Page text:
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16:30 Mar 11 2009

Special ReportNetizen's VoiceMedia Voice
English>>Tibet Online>>Society
Tibetan people are happy (The source of joy)
16:29, March 11, 2009  

I have been into Tibetan-inhabited areas more than 40 times. My visits include the regions of Tibet, Qinghai and Sichuan. In 1995, I entered Tibet for the first time by invitation of the Yunnan Provincial Institute for Ethnic Studies and in 2001, accompanied by Her Royal Highness Princess Maha Chakri Sirindhorn of Thailand, I carried out investigations in Tibet and Qinghai.

I am a linguistic researcher and I studied Tibetan linguistics for my Ph.D in the US. At that time, my parents, as well as the rest of my relatives and friends, did not understand why I chose this as my area of study. Why study Tibetan? After your studies do you think you’ll be able to find a job?

At that time, I wanted to research a field that few Thai people had touched upon. Of course, I could have chosen to study the language of a west African country, but west Africa seemed so far away. And anyway, China is practically a neighbor of Thailand, moreover, the Tibetan people also believe in Buddhism.

It turned out that in fact, studying the language and culture of Tibet was to help me find a good job. In 1993, after graduating with a doctorate degree, I entered Chulalongkorn University's Faculty of Arts, where I became a professor. Chulalongkorn is Thailand's top university. Teaching at this institution is an admirable vocation in my country, just like working as a civil servant.

Since I was able to communicate with local Tibetan people in Tibetan-inhabited areas and could read the written language, I decided to carry out research in a Tibetan area as soon as I got the chance.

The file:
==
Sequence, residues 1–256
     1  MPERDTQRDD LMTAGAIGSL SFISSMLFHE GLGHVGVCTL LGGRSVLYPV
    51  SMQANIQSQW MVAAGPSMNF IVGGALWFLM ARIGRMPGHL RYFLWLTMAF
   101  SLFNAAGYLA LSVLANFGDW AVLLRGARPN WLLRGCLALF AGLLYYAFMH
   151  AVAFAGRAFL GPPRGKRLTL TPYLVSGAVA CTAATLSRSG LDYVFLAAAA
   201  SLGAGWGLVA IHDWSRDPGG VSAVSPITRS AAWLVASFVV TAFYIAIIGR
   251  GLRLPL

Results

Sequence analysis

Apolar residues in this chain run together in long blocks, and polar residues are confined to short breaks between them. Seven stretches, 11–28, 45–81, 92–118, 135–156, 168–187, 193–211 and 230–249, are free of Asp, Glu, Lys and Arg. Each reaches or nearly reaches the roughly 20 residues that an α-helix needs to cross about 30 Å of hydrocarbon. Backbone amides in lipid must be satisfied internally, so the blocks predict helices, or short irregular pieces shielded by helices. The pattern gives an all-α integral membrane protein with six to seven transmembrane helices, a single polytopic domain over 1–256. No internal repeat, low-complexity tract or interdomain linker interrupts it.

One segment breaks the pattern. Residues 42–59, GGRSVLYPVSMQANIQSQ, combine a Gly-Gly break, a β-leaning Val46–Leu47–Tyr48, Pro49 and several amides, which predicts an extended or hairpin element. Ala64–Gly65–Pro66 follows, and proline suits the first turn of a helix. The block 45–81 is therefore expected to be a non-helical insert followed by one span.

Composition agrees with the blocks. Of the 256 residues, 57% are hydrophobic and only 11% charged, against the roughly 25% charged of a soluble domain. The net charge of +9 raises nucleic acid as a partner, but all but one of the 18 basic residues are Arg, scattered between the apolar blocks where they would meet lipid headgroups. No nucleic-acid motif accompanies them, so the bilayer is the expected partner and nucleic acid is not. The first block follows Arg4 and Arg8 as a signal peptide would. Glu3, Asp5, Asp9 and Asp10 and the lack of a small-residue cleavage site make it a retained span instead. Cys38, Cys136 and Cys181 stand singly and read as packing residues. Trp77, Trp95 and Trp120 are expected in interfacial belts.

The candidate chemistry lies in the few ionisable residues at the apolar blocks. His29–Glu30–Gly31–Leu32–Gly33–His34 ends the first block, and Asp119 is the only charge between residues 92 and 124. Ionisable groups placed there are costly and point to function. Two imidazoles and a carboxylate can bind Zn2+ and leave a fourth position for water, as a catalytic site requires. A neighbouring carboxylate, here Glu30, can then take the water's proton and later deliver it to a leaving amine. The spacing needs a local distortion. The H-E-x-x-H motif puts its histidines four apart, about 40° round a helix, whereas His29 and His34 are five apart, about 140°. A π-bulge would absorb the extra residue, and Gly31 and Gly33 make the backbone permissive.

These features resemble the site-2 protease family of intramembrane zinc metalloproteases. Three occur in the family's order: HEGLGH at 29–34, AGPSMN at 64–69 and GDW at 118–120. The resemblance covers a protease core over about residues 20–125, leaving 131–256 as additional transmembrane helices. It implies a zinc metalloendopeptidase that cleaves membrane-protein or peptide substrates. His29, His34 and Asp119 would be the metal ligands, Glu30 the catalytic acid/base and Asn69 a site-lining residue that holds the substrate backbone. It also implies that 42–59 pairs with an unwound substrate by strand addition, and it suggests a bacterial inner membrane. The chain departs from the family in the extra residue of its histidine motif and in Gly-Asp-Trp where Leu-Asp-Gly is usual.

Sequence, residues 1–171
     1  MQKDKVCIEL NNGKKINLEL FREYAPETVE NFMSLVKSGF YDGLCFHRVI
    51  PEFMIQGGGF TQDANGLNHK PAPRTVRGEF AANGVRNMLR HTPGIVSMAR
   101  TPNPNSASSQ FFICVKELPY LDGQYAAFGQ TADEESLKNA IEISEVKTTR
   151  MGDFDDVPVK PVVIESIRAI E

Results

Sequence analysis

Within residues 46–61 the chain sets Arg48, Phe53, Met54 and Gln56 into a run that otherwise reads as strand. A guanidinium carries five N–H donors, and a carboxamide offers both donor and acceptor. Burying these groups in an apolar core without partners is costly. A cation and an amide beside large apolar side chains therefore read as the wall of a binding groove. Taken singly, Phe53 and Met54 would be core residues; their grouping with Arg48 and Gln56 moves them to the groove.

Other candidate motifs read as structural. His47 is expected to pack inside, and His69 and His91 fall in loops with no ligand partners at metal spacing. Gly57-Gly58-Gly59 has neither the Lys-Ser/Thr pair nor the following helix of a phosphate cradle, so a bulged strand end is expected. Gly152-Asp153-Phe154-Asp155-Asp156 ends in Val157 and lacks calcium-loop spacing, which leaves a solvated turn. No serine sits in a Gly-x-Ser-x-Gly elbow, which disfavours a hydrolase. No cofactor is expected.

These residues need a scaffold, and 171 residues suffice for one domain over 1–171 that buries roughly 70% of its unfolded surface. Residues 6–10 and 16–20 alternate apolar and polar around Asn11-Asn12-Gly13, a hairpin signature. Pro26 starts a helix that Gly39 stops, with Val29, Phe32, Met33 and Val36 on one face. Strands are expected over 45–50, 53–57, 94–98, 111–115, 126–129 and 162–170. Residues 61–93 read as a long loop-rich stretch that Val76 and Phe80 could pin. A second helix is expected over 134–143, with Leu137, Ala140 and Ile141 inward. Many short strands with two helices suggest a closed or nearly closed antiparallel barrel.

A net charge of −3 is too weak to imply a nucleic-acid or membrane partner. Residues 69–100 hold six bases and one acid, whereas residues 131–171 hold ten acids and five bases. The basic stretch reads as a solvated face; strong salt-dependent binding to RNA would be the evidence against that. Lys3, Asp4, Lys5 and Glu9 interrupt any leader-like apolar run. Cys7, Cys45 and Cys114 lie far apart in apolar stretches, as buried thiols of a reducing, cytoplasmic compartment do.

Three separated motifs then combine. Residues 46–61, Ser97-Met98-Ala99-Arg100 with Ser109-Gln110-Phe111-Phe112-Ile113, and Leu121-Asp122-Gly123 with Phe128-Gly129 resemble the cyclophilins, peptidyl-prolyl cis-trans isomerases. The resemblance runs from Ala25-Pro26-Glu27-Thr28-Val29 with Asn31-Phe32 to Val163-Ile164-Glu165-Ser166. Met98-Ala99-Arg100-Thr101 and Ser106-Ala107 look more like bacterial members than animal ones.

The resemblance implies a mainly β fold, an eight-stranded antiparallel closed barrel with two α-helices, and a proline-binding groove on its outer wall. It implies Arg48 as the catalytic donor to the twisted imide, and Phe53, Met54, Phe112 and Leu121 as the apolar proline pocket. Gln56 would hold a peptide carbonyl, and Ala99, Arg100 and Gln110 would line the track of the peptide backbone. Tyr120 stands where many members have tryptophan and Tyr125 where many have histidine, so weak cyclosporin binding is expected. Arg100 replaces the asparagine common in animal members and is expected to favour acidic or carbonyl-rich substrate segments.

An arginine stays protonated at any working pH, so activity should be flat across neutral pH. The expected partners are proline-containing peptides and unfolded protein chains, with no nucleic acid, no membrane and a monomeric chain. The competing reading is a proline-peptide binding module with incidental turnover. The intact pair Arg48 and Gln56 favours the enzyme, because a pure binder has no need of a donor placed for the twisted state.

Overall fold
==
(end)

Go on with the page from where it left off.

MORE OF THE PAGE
In order to gain a deeper understanding of the Tibetan people, I completed a prostrating pilgrimage to Tibet in May 2007, during which I walked 80 kilometers in 18 days. I would have gone further if my visa had not expired. Before making this pilgrimage, I resolved to accept hardships I might encounter. The journey was very arduous indeed and with less oxygen at the high altitude, I completed 500 full-body prostrations per day. It was a test of both body and mind, especially for a relatively weak girl from a foreign country. When I was tired, I would rest against a large tree, and would pitch a tent beside the road to sleep. After I got through this, both my body and mind experienced a kind of excitement and joy that I had never felt before. I had gained new-found passion and strength.

I received help from many people during my trip. Some gave me food, some gave me water, others even gave me money, and taking them to be expressions of love I accepted all of these things. I was experiencing the love of mankind. This kind of love knows nothing of nationality or a country's borders. It does not distinguish between Han and Tibetan, neither does it differentiate between China and other countries.

In Tibet, I saw enormous improvement in the living standards of people. The government pays great attention to education and has been constructing free schools for the children there. Though the material wealth of the remote areas of Tibet is as high as that of metropolitan cities, the local people are content and joyful. This made me reflect on, and attempt to discover, the source of joy.

I have written several books to convey my thoughts and experiences in Tibet to people in Thailand. I have told Thailand what Tibet really looks like, and that it is neither a land of mystery nor a mere tourist destination.

In Thailand, few people study Tibet, so I am trying my best to help Thai people understand the meaning and importance of Tibetan culture.

—— Thai Tibetan linguist Dr. Krisadawan Hongladarom on March 8 in Bangkok

By People's Daily Online

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